Chemical Geology (v.324-325, #C)
Editorial Board (IFC).
Reprint of: New Applications of Trace Metals as Proxies in Marine Paleoenvironments by Thomas J. Algeo; Jennifer Morford; Anna Cruse (1-5).
Paleoceanographic applications of trace-metal concentration data by Thomas J. Algeo; Harry Rowe (6-18).
Recent studies have identified a range of new applications of trace-metal concentration data in the analysis of paleoceanographic systems. In restricted anoxic marine systems, trace-metal/TOC ratios can provide insight into the degree of watermass restriction and estimates of deepwater renewal times. In such systems, secular changes in sediment trace-metal ratios may provide evidence of the chemical evolution of basinal deepwaters in response to differential rates of trace-metal removal to the sediment. The degree of deepwater restriction in silled basins is generally controlled by eustatic elevations, with higher (lower) sea levels resulting in lesser (greater) watermass restriction. Short-term (ca. million-year) drawdown of the trace-metal inventory of seawater has occurred repeatedly in conjunction with oceanic anoxic events, which result in elevated rates of trace-metal removal to widespread anoxic facies. Long-term (eon-scale) changes of the trace-metal composition of seawater have occurred in response to secular changes in atmospheric–oceanic redox conditions and their effects on trace-metal cycling. Caution must be exercised in evaluating trace-metal patterns in paleomarine systems, however: (1) hydrographic analyses based on trace-metal/TOC relationships can be undertaken only on systems that had anoxic deepwaters, and (2) the influence of redox variation on trace-metal accumulation patterns outweighs that of hydrographic factors in some paleomarine systems.► Sediment trace-metal data allow reconstruction of paleohydrographic properties. ► Properties include deepwater renewal time and aqueous trace-metal concentrations. ► Secular variation in trace metals provides clues to long-term Earth-system changes.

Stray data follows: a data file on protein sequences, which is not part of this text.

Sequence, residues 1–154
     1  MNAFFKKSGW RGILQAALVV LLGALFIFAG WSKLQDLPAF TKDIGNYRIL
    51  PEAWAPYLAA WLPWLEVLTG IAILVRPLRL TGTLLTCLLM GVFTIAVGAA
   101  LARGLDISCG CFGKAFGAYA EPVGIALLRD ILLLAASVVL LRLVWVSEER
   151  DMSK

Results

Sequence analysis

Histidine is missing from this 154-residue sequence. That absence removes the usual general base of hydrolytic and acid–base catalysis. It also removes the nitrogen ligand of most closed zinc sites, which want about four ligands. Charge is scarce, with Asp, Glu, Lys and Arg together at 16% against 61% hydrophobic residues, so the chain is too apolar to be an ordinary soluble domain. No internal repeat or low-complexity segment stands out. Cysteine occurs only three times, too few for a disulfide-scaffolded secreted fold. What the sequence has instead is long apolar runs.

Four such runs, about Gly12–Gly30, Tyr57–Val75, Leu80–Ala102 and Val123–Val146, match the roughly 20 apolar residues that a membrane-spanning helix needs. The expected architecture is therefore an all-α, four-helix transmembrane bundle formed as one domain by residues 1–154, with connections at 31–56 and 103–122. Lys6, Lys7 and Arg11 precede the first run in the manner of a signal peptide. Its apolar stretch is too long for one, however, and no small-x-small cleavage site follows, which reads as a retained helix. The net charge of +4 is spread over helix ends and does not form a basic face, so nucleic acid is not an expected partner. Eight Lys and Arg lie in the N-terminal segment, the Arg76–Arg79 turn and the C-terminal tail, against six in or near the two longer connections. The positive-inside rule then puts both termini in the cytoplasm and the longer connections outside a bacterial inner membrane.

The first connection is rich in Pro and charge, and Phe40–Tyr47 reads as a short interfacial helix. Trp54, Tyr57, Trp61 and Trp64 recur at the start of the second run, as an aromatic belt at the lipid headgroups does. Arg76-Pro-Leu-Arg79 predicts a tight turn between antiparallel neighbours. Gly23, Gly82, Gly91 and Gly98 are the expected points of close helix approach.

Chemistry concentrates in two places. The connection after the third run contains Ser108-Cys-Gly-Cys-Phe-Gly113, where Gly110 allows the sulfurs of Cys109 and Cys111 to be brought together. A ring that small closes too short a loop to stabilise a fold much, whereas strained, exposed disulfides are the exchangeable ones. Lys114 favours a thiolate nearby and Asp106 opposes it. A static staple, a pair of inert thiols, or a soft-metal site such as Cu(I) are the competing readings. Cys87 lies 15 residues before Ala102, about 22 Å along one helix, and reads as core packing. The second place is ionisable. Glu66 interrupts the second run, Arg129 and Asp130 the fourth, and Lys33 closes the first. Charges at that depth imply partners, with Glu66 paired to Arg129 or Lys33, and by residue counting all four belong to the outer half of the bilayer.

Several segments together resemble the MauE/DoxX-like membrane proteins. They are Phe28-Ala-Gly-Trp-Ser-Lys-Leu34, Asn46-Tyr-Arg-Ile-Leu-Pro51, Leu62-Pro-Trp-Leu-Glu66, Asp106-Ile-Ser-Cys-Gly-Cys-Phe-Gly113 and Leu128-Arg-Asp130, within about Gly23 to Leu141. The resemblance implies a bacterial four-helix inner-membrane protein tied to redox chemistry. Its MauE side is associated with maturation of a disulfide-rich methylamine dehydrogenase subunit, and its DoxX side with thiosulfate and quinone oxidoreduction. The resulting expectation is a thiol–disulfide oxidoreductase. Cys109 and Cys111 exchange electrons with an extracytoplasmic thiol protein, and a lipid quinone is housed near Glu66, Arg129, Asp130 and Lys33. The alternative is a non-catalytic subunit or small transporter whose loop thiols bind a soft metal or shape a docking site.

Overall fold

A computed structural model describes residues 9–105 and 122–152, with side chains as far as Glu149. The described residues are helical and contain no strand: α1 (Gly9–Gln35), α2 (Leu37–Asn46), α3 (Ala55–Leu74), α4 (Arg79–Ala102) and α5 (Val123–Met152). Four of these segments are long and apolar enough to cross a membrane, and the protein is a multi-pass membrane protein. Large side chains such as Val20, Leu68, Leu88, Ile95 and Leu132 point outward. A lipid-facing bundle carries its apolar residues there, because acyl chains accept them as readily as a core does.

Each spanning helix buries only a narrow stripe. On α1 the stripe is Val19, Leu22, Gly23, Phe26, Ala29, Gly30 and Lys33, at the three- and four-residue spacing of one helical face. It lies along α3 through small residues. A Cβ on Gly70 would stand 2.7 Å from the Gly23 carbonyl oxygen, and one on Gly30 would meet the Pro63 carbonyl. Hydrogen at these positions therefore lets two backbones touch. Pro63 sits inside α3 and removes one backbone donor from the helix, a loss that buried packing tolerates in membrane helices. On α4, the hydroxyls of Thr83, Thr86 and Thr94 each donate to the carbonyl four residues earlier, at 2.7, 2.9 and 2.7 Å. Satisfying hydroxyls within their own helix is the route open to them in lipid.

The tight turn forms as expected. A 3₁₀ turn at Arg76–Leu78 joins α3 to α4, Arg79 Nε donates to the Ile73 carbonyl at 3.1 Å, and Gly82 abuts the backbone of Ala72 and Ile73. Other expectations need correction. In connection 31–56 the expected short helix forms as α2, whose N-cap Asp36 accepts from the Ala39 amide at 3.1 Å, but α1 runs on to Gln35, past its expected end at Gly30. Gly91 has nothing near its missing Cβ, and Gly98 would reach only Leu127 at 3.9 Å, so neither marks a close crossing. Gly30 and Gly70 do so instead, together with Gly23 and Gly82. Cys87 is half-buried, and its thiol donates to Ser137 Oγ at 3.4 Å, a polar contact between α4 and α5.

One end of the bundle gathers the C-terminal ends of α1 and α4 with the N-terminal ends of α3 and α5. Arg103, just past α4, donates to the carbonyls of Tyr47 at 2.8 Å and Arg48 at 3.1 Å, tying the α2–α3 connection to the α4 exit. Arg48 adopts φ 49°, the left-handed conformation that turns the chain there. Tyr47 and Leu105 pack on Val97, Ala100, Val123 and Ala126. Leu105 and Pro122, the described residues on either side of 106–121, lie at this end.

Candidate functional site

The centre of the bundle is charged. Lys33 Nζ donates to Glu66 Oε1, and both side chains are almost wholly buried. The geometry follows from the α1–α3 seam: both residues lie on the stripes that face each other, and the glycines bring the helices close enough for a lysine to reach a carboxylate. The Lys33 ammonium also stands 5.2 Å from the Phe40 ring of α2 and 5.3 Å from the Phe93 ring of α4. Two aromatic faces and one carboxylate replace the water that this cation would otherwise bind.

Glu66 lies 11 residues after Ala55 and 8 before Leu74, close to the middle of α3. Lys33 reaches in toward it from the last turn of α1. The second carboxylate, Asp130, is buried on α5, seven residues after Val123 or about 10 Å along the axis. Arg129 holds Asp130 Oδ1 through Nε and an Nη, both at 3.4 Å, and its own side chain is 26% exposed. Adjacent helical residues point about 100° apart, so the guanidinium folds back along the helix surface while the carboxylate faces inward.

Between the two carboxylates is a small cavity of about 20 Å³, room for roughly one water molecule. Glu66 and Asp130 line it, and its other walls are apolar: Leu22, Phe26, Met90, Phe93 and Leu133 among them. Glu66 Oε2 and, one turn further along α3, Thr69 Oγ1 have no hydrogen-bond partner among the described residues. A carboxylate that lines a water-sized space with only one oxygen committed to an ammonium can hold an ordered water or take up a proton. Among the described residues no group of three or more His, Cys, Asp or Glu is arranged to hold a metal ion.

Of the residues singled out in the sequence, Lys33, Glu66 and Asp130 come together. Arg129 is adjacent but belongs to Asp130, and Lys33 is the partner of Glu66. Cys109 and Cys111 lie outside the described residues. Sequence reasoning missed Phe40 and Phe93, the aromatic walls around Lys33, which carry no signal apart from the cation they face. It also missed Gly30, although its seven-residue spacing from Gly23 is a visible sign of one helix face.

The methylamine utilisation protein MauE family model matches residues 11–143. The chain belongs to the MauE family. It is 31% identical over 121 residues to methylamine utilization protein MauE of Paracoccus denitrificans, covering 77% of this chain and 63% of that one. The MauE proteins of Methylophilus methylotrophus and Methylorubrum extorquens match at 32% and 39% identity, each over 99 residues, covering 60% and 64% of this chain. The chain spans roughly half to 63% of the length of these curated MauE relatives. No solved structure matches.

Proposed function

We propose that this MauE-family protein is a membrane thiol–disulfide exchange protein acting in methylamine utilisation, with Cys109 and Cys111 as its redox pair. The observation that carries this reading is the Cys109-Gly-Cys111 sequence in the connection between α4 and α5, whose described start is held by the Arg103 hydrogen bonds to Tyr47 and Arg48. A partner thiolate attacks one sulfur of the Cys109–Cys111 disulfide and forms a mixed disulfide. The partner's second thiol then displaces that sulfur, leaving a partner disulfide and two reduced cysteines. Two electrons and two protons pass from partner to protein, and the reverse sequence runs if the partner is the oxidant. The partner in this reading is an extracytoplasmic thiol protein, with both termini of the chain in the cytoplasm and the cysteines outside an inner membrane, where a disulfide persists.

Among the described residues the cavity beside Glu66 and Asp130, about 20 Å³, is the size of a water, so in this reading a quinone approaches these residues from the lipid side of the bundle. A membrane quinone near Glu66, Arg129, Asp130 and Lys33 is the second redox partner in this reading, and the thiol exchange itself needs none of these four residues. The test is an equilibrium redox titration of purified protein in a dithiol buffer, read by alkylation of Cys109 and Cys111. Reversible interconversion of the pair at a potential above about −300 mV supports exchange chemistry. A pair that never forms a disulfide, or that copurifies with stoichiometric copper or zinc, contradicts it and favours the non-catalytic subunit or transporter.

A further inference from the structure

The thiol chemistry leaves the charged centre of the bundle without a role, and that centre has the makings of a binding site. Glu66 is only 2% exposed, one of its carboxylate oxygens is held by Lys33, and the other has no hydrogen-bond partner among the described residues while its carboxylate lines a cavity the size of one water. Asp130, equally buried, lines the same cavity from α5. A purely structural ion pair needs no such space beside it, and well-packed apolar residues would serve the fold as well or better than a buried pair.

Keywords: Molybdenum; Uranium; Vanadium; Zinc; Anoxia; Watermass restriction;
Contrasting molybdenum cycling and isotopic properties in euxinic versus non-euxinic sediments and sedimentary rocks: Refining the paleoproxies by Clint Scott; Timothy W. Lyons (19-27).